On November 15, 2005, Turner pleaded not guilty to all charges.
Turner’s defense centered around the excuse that he was a drug dealer, and the DNA evidence was explained by the fact that his customers were all prostitutes who often paid with sex. However, a jury saw through his subterfuge, and found him guilty of all eleven murders (including one count of second-degree murder for killing a viable preborn child) on April 30, 2007, recommending the death penalty in May 2007.
On July 10, 2007, Superior Court Judge William A. Pounders agreed with the jury and sentenced Turner to death.
Dorothy Patterson was only eleven years old when Turner strangled her mother Regina, who was nearly seven months pregnant, with an electrical cord. She grew up as an only child, but would have had a little sister if not for Turner. Now 28, she said “I came for closure. It’s been a very long time. I just want justice to be served.”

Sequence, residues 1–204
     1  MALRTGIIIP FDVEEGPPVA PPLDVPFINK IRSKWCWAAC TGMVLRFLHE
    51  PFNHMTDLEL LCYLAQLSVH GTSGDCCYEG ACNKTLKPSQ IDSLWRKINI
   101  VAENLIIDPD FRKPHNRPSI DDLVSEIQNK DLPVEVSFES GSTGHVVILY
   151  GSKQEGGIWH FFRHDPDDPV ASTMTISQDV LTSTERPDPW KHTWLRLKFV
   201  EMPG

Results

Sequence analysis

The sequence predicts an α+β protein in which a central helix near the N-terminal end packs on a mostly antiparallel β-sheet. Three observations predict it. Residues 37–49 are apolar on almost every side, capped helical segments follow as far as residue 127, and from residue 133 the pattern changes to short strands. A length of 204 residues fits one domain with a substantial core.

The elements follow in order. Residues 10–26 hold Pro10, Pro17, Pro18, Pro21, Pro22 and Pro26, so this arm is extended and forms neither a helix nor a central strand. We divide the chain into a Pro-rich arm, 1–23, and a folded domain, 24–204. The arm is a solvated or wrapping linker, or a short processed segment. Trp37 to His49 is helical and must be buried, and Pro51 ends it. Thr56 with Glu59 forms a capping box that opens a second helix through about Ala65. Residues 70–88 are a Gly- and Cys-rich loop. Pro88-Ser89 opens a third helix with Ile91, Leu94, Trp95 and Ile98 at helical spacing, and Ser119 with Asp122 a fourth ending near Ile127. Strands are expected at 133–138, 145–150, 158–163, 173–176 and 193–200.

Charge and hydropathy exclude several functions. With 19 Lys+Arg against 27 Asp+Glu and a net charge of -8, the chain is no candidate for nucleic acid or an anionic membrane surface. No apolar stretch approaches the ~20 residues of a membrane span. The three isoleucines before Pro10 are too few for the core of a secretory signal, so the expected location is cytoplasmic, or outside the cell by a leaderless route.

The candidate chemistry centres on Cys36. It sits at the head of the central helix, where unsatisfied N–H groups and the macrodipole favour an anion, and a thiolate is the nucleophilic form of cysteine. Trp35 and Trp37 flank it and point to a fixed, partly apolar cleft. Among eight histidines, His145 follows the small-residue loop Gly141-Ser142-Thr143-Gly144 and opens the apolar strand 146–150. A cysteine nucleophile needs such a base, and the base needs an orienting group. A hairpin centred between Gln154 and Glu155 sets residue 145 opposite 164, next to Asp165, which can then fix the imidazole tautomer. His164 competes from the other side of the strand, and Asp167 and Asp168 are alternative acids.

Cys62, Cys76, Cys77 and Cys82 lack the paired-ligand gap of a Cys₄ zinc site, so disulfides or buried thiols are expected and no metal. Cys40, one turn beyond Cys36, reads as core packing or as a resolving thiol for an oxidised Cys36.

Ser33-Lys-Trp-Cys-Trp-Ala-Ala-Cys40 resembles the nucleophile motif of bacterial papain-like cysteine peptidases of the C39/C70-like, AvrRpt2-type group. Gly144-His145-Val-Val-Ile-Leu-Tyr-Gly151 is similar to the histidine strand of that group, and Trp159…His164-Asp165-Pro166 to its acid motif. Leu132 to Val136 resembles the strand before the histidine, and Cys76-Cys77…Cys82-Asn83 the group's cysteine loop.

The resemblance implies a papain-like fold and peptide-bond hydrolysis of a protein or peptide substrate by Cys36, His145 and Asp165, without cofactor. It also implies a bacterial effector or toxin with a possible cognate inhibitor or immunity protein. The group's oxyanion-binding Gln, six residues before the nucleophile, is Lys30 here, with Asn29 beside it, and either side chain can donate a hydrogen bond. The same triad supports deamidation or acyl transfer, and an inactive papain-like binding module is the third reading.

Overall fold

Now you may be wondering what any of that has to do with abortion and abortion rights? Well, let me explain.
There are two lines of argument here of which the simplest, and most specious, is the argument that abortion fosters a lack of regard, in society, for the unborn foetus and therefore, using that delusive bit of reasoning, the fact that two of the women were pregnant at the time there were murdered means that the ‘pro-choice lobby’ are morally culpable for these murders – because if abortion was illegal then no man would ever murder a pregnant woman, would they?
The second argument is considerably more pernicious and devious and requires an understanding of how abortion law in the US differs from that in the UK.